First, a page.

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HGTD This Week, 7 Aug 2020: Canine Crime Scene Investigators

Aimee Llewellyn-Zaidi

Viewed: 1,354 times

HGTD This Week, 7 Aug 2020: Canine Crime Scene Investigators

When we think about genetic testing, we often focus on how it can be a tool to improve health and welfare - generally centered around breeding for health or finding more about the health or potential health risks for an individual dog. Knowing about health risks that are especially relevant to specific breeds or dog types makes testing even more powerful in helping reduce risks of disease or undesirable traits (see Breed Relevancy Ratings). Most commonly, genetic screening and diagnostic testing focuses on: disease tests, breed estimation tests, diagnostics, parentage/paternity, inbreeding estimations, etc. (search for genetic tests and providers, here).

This week, I received a very interesting question from a user, who wanted to know if genetic testing could help them with a dog attack incident. Their dog had been bitten, and they wanted to know if genetic testing could be used to identify the attacking dog, using saliva from the collar. The short answer is… probably not, but maybe not for the reasons you think. In principle, it should be possible to extract DNA from saliva from a surface like a dog collar. The challenge is that, even with a genetic profile:

  • You won’t know if the profile is from the attacking dog, or some other dog your pet has met at a dog park, on a walk, at the vet’s…
  • Without a profile of a known dog to compare it to, you won’t be able to identify the dog (and therefore owner)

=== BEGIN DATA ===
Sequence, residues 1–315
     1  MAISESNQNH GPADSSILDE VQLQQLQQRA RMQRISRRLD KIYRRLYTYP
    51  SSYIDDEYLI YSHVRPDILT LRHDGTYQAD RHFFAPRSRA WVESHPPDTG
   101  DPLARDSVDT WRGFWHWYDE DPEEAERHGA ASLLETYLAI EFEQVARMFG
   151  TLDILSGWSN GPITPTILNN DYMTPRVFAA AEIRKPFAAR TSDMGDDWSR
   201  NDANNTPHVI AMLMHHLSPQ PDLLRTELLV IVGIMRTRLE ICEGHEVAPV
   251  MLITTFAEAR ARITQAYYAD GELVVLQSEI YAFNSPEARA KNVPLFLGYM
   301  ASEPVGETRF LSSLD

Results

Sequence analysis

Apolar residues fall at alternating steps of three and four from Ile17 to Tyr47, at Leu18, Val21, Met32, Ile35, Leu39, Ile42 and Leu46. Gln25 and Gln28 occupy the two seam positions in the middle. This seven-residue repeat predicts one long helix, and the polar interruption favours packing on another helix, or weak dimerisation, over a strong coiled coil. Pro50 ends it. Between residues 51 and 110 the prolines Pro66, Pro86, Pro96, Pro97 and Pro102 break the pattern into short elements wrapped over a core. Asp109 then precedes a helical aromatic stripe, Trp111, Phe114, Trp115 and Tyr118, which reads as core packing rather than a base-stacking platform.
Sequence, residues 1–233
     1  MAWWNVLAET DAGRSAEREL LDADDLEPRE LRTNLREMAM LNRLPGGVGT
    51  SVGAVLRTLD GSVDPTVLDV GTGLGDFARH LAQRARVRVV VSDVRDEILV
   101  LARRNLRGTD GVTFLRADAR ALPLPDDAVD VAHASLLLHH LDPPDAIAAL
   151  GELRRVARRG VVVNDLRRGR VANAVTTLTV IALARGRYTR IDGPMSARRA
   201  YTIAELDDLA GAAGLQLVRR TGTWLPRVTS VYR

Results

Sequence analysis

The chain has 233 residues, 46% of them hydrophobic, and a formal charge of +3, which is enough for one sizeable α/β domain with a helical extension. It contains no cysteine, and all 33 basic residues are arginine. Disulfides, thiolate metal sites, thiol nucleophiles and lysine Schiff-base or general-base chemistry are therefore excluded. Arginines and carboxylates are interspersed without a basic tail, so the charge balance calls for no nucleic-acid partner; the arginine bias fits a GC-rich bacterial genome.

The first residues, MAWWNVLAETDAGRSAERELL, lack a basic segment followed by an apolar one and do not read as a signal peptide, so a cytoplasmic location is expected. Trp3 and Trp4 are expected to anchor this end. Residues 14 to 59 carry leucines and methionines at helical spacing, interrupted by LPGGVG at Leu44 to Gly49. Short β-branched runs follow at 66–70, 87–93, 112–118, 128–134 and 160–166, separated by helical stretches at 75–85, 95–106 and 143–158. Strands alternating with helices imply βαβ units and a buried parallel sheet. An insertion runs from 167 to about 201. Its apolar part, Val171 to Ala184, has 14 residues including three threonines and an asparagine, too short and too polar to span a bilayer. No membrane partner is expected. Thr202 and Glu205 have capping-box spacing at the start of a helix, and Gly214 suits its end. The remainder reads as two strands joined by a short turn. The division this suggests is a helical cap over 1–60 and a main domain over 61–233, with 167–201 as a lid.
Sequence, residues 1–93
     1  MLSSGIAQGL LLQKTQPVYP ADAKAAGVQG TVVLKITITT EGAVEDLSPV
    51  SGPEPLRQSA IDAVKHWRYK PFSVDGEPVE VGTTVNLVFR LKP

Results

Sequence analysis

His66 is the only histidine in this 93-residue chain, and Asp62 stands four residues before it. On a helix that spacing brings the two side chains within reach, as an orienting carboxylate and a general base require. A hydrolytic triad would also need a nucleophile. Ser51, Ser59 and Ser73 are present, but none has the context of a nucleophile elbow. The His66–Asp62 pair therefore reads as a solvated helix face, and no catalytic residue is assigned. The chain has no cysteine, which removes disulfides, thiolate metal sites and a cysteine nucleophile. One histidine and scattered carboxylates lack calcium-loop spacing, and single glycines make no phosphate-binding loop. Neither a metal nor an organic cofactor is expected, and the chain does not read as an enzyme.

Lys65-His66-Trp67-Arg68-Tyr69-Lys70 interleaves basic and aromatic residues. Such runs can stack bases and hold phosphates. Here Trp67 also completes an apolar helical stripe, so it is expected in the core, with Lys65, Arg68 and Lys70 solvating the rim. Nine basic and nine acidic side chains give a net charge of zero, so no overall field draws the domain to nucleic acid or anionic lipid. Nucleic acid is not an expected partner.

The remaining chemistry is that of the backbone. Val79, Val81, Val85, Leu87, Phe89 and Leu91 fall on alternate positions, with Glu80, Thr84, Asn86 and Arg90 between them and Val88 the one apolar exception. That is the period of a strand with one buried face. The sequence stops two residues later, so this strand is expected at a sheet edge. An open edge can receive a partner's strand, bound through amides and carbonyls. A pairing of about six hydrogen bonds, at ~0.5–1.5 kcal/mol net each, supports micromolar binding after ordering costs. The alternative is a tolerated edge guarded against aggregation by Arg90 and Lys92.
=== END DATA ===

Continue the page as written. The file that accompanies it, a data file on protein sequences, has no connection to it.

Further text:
This is because dogs are generally not required to be registered with a genetic fingerprint. So, unless you know the dog and the dog's owners, it is impossible to confirm identification using DNA alone - much like the challenges in human criminal DNA identification. 

This brings us around to thinking about some of the more forensic things genetic testing can, and cannot do:


Can do:

  • Act as a permanent identification for an individual dog (genetic profiling) 
  • Determine parentage, when relatives’ profiles are known for comparison 
  • Comment on the risks of specific genetic mutations for specific diseases (disease/phene screening testing)
  • Aid in the diagnosis of specific risks/diseases (only with diagnostic testing as opposed to screening testing)

Cannot do:

  • Identify a specific dog, without that dog’s genetic information/owner being on an accessible registration list
  • “Prove” that a dog is responsible for an action, without other evidence
  • Be used to make “permanent” decisions (e.g. euthanasia) on its own, without other veterinary health information, and welfare considerations

While there are plenty of incredibly useful things genetic testing can do, beyond genetic screening tests, it is really important to consider why you are testing and how you are going to use any test results. As with any tool, genetic testing has its limitations


Want to go further?  Check out this blog - Confidentiality and Genetic Testing: more benefits and risks - by IPFD CEO Dr. Brenda Bonnett, looking a other parallels and challenges with the human situation.  Relevant to the discussion above - confidentiality and availability of identifying information is an important issue to consider.

Or explore the whole new world of 'poop forensics' :  Dog Poop DNA Tracking Introduces Spy Tech to Our Backyards(IPFD disclaims any responsibility for the information presented there!)



Photos: pixabay (cover photo): G. Fring (image) via Pexels


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    The contents of this blog are for informational purposes only and represent the opinion of the author(s), and not that of the International Partnership for Dogs (IPFD). This is not intended to be a substitute for professional, expert or veterinarian advice, diagnosis, or treatment. We do not recommend or endorse any specific tests, providers, products, procedures, opinions, or other information that may be mentioned on, or linked to from this blog.

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